Budget & Tax, Education
Tax hikes, pay raises, fail to stem Oklahoma teacher shortage
March 5, 2021
In 2018, state lawmakers approved some of the largest tax increases in Oklahoma history, arguing a larger tax burden was required to increase teacher salaries, which politicians claimed were necessary to reduce teacher shortages. Lawmakers approved an average teacher pay raise of $6,100 in 2018 and added another $1,200 in 2019.
But this week members of the Oklahoma Senate effectively admitted that plan has failed.
Lawmakers acknowledged that the teacher shortage in Oklahoma was larger this year than it was prior to the tax increases and pay raises, and that the teacher shortage is expected to grow even larger next year.
“We had over 600 teaching positions we couldn’t fill this last year, and with the possibility of retirements this year after the three-year teacher high on the new teacher pay raises, we could see a lot higher retirements, so we’re going to have trouble filling,” said Sen. Dewayne Pemberton, R-Muskogee.
The teacher-shortage figure of 600 cited by Pemberton exceeds the shortages reported prior to the 2018 tax increases and pay raises.
In 2017, a survey conducted by the Oklahoma State School Boards Association showed there were 536 teaching vacancies that year. That was the last survey taken by the organization prior to the first round of teacher pay increases.
And officials expect the shortfall to grow significantly in the next few years. Because teacher retirement benefits are tied to the last three years of income, one impact of the teacher pay raises was to temporarily slow the pace of retirements while educators racked up credit for newly increased salaries.
But now educators are poised to leave the workforce, having reached their maximum retirement benefit.
“There are 9,000 teachers that are currently eligible for retirement this year,” said Sen. Carri Hicks, D-Oklahoma City.
Increased teacher salaries and greater school funding have also had little impact on educational outcomes. Student achievement on state tests was lower in 2019 than in 2017. No state testing was conducted in 2020 due to the COVID-19 shutdown, but experts believe academic outcomes are even worse today in Oklahoma due in part to some schools’ refusal to return to full-time, in-person learning.
The Oklahoma Education Association, the state affiliate of the National Education Association and the state’s largest teachers’ union, has steadfastly opposed full reopening of schools and also opposes renewal of state testing that would measure students’ academic outcomes over the last two years.
The downward trend comes against a background in which Oklahoma’s public schools were already producing some of the worst academic outcomes in the nation even after the recent infusion of state funding through tax increases and federal COVID-19 bailout funding.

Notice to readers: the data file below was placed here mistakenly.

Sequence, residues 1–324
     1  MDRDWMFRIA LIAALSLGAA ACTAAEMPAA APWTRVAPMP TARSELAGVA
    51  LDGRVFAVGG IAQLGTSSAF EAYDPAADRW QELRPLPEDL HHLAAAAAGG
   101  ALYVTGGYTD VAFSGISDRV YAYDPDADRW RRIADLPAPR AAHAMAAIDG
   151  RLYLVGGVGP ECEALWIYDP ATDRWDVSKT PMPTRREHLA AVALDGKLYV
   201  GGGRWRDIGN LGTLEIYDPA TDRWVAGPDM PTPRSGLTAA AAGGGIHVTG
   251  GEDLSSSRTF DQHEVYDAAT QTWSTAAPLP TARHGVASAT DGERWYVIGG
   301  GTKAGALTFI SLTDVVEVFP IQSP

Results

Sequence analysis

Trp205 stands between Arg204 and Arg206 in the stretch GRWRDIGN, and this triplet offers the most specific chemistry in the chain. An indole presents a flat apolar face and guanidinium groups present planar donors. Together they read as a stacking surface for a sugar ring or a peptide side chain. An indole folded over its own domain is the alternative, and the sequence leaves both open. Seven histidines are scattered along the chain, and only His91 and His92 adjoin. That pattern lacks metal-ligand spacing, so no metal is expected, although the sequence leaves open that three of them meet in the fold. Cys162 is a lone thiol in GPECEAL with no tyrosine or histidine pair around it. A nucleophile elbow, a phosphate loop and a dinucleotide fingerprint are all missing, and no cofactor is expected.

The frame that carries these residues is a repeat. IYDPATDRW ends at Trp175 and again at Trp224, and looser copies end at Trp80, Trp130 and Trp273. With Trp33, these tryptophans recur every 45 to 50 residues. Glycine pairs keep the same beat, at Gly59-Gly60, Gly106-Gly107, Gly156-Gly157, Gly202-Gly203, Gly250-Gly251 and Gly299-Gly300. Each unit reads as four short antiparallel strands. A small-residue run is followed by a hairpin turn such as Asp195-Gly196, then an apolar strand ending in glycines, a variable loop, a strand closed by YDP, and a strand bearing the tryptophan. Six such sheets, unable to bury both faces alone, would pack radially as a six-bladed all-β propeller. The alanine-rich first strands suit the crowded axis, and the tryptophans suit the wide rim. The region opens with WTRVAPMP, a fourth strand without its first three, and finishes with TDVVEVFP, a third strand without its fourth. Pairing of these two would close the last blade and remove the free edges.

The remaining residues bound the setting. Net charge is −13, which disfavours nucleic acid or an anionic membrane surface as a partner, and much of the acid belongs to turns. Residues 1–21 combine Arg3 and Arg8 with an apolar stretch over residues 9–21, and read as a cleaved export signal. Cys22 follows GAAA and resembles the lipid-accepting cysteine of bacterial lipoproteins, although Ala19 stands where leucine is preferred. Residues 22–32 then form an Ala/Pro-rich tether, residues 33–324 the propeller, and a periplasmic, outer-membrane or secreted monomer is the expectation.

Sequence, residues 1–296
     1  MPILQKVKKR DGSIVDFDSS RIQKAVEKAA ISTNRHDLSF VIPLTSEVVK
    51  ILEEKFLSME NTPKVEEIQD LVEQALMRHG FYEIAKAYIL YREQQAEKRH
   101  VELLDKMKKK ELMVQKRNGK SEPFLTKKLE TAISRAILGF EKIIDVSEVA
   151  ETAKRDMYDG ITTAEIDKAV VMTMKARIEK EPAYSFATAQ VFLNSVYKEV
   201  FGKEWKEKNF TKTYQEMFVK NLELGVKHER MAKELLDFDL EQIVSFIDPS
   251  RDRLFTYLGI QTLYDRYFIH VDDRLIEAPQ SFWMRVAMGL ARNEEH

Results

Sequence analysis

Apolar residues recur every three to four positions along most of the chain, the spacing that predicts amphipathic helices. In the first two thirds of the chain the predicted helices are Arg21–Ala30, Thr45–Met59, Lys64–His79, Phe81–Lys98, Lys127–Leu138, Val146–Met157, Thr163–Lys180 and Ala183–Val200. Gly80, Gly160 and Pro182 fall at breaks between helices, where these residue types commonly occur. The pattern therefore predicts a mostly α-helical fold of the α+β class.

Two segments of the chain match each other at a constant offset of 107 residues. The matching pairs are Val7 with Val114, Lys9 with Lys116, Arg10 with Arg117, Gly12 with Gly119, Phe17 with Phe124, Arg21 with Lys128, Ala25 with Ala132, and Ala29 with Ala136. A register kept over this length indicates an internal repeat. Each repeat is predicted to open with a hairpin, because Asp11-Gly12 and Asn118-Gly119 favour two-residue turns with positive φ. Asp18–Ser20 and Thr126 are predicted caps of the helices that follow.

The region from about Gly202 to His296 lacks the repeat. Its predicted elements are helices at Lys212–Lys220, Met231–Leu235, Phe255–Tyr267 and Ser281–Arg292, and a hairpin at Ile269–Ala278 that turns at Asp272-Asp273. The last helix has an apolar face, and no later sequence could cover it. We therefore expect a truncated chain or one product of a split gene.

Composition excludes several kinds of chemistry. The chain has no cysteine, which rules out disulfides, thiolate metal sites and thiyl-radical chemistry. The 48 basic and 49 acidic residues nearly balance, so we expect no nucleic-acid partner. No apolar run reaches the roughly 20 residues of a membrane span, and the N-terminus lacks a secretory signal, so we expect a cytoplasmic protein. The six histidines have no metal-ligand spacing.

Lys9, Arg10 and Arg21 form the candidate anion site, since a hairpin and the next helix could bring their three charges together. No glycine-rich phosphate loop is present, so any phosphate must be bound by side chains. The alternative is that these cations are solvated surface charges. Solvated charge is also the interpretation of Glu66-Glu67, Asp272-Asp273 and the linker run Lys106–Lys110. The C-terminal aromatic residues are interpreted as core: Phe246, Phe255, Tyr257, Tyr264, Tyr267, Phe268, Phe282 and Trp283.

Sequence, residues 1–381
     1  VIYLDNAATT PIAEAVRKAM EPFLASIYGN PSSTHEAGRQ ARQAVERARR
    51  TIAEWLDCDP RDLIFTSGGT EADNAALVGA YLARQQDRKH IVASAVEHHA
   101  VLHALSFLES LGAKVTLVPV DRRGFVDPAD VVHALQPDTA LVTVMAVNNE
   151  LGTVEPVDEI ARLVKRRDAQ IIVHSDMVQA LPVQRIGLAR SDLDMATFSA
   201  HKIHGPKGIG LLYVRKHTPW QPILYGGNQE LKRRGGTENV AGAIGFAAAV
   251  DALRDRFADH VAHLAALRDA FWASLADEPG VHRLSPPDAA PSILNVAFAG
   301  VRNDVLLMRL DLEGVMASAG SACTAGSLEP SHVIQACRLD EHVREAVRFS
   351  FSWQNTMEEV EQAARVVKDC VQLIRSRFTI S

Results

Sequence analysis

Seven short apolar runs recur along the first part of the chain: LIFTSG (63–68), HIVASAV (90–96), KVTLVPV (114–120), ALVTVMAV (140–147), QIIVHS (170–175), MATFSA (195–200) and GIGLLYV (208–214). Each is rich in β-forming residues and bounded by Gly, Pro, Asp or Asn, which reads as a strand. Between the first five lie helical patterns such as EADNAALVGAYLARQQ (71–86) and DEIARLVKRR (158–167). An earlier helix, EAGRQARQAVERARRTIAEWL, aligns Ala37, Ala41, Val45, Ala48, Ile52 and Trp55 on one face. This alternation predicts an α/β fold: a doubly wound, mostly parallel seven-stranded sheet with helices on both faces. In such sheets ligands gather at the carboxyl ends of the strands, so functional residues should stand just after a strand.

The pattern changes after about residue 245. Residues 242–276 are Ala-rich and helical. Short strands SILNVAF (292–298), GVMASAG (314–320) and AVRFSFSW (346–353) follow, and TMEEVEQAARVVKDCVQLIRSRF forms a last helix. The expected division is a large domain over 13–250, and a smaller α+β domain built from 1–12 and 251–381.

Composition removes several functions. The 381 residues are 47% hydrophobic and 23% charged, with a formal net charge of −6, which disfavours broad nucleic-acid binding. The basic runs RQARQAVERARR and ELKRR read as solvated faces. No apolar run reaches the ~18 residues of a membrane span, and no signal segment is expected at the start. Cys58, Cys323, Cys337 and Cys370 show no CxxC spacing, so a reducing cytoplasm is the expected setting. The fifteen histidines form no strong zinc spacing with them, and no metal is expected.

The Quality Counts 2021 report released earlier this year by Education Week showed that only four states had a lower share of 4th grade students reading at grade level than Oklahoma, based on National Assessment of Educational Progress (NAEP) tests that are administered in every state.
In Oklahoma, only 28.5 percent of 4th grade students read at grade level, according to NAEP.
Only five states had a lower share of students scoring proficient in 8th grade math than Oklahoma. NAEP results showed just 25.5 percent of Oklahoma 8th grade students were performing at grade level or better in that subject.
The poor educational quality of Oklahoma’s K-12 education has ripple effects that extend into other areas. The Quality Counts report also showed that only six states have a lower share of 18-to-24-year-olds enrolled in postsecondary education than the 48.7 percent enrolled in Oklahoma.
Lawmakers discussed the teacher-shortage issue this week while debating Senate Bill 267, by Pemberton, which extends existing incentives to lure retired teachers back to the classroom.
Senate Bill 267 passed the Oklahoma Senate on a 36-11 vote. All opponents were Republicans while those in favor consisted of the remaining Republicans and all Democrats. Debate in opposition to the bill centered on concerns that it could negatively impact the teachers’ retirement system.
When SB 267 was discussed and debated on the Senate floor, Pemberton, a former school administrator, warned, “There’s any number of jobs that we have a real issue hiring right now.”
And he said the dramatic increase in teacher pay since 2018 has done little or nothing to attract new people to the teaching profession.
“We are anticipating a large number of positions to be open in the next two or three years, and the colleges of education will tell you we are not seeing a big increase in the number of individuals or young people going into education,” Pemberton said. “We are hurting for people.”